3.     Lake McDonald Valley

On the west end of Glacier National Park is Lake McDonald Valley. The valley presents a wide variety of activities for you to experience. Once occupied by massive glaciers that carved this area thousands of years ago, the valley is now filled with spectacular sights, hiking trails, diverse species of plants and animals, historic chalets, and the grand Lake McDonald Lodge. Ten miles long and nearly 500 feet deep, Lake McDonald is the largest lake in the park.

Glacier National Park Travel Guide in your pocket

Learn more about other destinations that offer unique experiences by checking out eTips.

Three Awesome Things to See in Brittany, the French region for Explorers

Three Awesome Things to See in Brittany, the French region for Explorers

There's far more to Brittany than delicious crêpes and homemade cider. The hilly peninsula that stretches towards the Atlantic Ocean is filled with a dramatic coastline, medieval towns, and lush forests. Once you go beyond world-famous sights such as stunning St-Malo, you will be charmed by the wild, varied landscapes including prehistoric menhirs and even an unusual blush-hued beach. Discover what Brittany has to offer the Brittany Travel Guide and Offline Map.

1.     St-Malo

With one of the world's greatest tidal ranges here you'll witness waves lash the top of the ramparts of the city. But don't let that discourage you from visiting, just mere hours after a storm the blue sky becomes one with the cobalt sea and as the tides recede they expose broad sandy beaches the surround granite outcrop islands. The beautiful walled city's fortifications began in the 12th century and during the 17th and 18th century it soon became a base for merchants and pirates alike.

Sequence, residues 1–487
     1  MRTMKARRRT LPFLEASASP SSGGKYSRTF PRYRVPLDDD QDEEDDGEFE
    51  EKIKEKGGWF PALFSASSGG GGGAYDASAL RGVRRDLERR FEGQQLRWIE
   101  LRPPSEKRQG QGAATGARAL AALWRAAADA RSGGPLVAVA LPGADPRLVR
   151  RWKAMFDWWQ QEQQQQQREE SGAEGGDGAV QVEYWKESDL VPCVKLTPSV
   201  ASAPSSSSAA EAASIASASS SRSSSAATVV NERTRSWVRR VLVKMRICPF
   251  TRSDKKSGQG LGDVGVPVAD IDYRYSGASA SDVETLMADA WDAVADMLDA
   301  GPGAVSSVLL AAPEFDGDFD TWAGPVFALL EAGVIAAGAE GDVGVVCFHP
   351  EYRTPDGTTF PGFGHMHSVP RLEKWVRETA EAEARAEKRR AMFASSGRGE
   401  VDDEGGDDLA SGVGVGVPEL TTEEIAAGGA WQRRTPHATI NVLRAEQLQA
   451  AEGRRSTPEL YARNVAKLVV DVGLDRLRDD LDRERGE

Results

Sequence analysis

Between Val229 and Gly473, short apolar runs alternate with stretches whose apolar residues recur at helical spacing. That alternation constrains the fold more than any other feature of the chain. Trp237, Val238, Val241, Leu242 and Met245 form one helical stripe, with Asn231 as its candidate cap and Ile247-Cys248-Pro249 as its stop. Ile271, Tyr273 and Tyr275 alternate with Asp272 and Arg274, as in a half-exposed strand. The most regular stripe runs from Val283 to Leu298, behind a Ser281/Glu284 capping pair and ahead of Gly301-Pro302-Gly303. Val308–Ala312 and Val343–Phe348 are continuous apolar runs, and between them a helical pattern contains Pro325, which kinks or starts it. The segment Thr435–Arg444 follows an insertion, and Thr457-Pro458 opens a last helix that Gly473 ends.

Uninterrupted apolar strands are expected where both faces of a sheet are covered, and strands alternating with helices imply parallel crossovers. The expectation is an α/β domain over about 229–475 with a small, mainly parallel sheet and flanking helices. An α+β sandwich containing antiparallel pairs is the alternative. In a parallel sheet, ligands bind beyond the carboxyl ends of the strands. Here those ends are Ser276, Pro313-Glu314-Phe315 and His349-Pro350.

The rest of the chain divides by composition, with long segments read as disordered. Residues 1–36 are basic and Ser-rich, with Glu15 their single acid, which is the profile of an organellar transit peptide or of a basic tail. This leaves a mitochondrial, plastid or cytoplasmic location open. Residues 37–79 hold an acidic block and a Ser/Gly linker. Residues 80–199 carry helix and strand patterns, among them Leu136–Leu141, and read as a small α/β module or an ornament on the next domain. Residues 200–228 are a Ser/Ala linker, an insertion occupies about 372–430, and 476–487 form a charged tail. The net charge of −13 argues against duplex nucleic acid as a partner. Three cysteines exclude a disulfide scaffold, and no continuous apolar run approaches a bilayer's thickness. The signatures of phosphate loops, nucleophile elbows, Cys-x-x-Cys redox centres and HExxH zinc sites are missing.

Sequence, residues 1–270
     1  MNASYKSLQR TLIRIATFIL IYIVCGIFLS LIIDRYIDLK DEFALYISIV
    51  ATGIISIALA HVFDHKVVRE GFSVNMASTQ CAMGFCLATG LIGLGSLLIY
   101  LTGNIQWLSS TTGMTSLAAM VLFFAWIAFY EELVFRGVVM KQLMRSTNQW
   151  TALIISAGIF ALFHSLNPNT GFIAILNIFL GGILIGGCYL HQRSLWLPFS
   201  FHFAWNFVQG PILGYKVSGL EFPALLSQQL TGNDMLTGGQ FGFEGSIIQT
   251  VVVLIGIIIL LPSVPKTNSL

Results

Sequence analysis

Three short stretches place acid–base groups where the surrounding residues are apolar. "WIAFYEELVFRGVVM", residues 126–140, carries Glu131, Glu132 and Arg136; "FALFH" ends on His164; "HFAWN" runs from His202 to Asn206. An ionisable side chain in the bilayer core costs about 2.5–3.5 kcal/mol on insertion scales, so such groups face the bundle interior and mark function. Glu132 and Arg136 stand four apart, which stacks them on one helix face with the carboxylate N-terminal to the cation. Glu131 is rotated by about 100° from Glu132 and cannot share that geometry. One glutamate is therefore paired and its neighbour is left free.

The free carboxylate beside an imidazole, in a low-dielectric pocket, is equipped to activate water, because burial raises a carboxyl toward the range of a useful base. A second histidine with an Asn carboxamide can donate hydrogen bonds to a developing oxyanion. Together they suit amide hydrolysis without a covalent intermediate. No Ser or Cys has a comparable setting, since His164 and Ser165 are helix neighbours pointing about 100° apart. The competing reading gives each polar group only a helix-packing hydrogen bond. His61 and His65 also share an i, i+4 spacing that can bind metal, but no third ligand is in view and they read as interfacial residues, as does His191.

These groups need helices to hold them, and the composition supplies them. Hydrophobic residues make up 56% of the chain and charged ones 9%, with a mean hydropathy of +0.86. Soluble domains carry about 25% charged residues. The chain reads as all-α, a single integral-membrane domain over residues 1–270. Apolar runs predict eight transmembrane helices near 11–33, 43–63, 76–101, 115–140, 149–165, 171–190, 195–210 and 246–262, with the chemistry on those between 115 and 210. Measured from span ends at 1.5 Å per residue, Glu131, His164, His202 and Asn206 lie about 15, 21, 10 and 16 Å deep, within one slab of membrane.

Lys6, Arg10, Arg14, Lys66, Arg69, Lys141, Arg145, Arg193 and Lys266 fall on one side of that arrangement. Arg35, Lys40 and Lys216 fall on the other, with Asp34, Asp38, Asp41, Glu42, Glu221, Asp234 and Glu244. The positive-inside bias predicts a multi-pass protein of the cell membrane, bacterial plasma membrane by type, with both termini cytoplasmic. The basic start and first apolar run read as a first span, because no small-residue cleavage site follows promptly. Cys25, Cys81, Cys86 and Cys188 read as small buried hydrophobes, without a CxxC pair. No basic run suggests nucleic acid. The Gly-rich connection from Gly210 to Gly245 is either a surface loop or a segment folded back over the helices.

Travel through Brittany region with eTips Travel Guide

2.      Carnac

Beyond its enticing beaches and stunning town center, Carnac holds a collection of magnificent megalith sites making it a must-see while in Brittany. Predating the Stonehenge by a century, the town is also home to a sheer number of ancient sites found in its vicinity. The collection contains more than 3,000 upright stones erected between 5000 and 3500 B.C. making it the world's greatest concentration of megalith sites.

3.     Château de Josselin

Upon your first glimpse of the château, you will be greeted by its three round towers. It is an incredible sight and remains the home of the Rohan family today. The castle flamboyant Gothic facade is accentuated by the central courtyard's tree-filled grounds and a great view of the river below. Although you will need a guide to enter the castle, here you will see a medieval-style dining room, a 3000-tome library, and a grand salon filled with Sèvres porcelain, Gobelins carpets, and an astronomical clock.

Brittany Travel Guide for iPhone, iPad and AppleaWatch

Learn more about other destinations that offer unique experiences by checking out eTips.

There's More to Sardinia than its Picturesque Coastlines

There's More to Sardinia than its Picturesque Coastlines

Sardinian is the second largest island in the Mediterranean Sea and has nearly 2,000 kilometers of coastline. But beyond its famous sandy beaches and rugged landscapes, Sardinia also offers a mountainous interior crossed with hiking trails. Its landscape is dotted with thousands of mysterious Bronze Age stone ruins called Nuraghi. These ruins are shaped like beehives and one of the oldest and largest Nuraghi is said to date back to 1500 B.C. What are you waiting for? Take that trip to beautiful Sardinia with the Sardinia Travel Guide and Offline Map.

1.      Nuraghe Su Nuraxi